The Productivity Commission’s second Indigenous Expenditure Report, released earlier this week, shows that Commonwealth, state and territory taxpayer spending on Indigenous Australians has risen by 16% from $21.9 billion in 2008–09 to $25.4 billion in 2010–11.
Indigenous-specific expenditure – spending on Aboriginal and Torres Strait Islanders which is in addition to the expenditure on education, health, welfare, etc. on all Australians – only rose from $5.1 billion in 2008–09 to $5.5 billion in 2010–11. This seems a realistic increase given that the Indigenous ‘bush’ population that attracts most Indigenous-specific expenditures has been relatively stable. But although there has been some improvement in these ‘bush’ communities – for example, reduced access to unlimited alcohol, more income management, and some new housing – most are still Third World ghettos.
The overall increase in Indigenous expenditure principally reflects the high Indigenous population number that the commission used to develop the expenditure estimates.
According to the commission, the Indigenous population increased from 545,202 in 2008 to 575,297 in June 2011. But this count is 26,927 higher than the number in the Australian Bureau of Statistics’ (ABS) 2011 Census, which identified 548,370 Indigenous Australians in August 2011.
Because detailed government expenditures are not available, the modelling used to calculate expenditure estimates relies on population size.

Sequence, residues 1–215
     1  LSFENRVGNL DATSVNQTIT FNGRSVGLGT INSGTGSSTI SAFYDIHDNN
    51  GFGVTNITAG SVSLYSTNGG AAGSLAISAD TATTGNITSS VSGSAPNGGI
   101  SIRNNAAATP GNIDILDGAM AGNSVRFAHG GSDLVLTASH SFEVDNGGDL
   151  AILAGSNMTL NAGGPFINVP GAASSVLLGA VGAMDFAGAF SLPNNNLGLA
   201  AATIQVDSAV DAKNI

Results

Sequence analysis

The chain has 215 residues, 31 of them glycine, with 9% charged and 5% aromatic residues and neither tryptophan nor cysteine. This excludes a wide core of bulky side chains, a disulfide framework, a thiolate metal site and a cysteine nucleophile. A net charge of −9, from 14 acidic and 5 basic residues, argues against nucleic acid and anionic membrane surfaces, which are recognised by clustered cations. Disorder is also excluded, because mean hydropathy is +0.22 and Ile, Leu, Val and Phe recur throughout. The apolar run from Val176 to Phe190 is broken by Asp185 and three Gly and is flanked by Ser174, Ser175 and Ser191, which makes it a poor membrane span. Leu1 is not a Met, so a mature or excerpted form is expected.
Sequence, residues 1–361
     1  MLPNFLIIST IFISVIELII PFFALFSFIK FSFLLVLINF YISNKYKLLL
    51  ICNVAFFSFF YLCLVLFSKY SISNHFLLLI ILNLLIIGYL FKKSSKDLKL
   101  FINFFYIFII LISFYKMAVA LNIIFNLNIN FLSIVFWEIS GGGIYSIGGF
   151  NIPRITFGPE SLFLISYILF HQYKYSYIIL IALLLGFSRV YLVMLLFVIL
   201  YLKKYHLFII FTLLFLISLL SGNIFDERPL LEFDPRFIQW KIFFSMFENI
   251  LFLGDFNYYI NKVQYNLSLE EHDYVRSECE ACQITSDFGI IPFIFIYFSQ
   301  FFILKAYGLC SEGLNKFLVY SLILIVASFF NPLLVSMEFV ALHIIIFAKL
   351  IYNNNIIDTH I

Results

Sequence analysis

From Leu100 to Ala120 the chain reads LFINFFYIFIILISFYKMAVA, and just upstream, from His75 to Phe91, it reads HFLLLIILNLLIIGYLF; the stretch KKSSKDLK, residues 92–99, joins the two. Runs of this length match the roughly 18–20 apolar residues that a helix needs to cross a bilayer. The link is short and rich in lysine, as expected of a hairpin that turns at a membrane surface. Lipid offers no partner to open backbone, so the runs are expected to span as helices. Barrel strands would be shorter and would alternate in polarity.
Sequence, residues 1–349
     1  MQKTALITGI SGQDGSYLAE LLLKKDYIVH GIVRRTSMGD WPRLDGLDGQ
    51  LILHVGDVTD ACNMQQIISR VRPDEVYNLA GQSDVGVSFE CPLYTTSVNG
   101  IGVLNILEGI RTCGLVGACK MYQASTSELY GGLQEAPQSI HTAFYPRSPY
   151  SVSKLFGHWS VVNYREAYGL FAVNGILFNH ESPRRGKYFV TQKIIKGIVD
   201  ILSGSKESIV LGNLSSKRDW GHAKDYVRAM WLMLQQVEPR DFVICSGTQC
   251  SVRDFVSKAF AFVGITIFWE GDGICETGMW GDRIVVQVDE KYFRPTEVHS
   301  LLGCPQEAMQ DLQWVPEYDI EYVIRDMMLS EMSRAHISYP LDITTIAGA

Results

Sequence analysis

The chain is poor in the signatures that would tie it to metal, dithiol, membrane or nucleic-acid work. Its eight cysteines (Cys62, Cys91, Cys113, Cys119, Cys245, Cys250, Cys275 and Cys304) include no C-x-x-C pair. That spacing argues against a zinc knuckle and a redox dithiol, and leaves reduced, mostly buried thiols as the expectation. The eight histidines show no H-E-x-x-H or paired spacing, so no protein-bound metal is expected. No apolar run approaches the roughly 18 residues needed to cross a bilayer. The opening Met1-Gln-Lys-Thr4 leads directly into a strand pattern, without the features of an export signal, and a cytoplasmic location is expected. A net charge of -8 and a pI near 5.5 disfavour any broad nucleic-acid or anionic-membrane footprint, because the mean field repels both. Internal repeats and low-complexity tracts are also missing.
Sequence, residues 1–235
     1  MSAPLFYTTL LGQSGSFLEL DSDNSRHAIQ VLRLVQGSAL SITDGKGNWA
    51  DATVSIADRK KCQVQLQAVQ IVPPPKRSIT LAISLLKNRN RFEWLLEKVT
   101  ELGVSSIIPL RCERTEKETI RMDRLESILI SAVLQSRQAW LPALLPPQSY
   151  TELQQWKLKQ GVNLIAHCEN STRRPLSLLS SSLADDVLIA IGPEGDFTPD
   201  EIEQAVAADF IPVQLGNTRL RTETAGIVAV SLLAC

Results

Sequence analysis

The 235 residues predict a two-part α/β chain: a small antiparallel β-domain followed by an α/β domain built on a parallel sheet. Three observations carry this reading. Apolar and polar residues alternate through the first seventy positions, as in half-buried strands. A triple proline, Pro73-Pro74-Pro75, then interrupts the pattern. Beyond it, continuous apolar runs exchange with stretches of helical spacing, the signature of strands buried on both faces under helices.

The ABS’ post census enumeration is likely to change the number of Indigenous Australians to adjust any possible over-counting in remote locations, but this is unlikely to offset any increases in urban locations. Yet, whatever the post enumeration outcome, the principal Indigenous population increases between 2006 and 2011 were in capital cities and other urban areas, with Canberra leading with a 33% increase.
The increase in the urban Indigenous population reflects increasing Indigenous self-identification. Children of mixed marriages are identifying as ‘Indigenous’ as families take pride in their ancestry. These families are part of the majority of urban Aboriginal and Torres Strait Islanders – 65% of the Indigenous population – who go to work, send their children to mainstream schools, buy their own homes, and pay their taxes. Their claims on government support are similar to other working Australians. The report’s estimates of per capita Indigenous government expenditure ($44,000) versus non Indigenous ($20,000) do not reflect these working families’ characteristics.
The estimates imply egregiously high and ineffective expenditures on the 35% welfare dependent Indigenous population, of which probably less than 15% live in ‘bush’ communities.
The commission has consistently underestimated the proportion of Aboriginal and Torres Strait Islanders working in capital cities and regional towns, ignoring their considerable contribution to the mainstream economy and society. It has ignored NAPLAN evidence that most Indigenous students reach national minimum literacy and numeracy standards, and has exaggerated Indigenous alcoholism, violence and child neglect.
The 2012 Indigenous expenditure estimates seem to exaggerate Indigenous government expenditures. Such sums certainly do not reach Aboriginal and Torres Strait Islanders in need.
Helen Hughes is a Senior Fellow at The Centre for Independent Studies.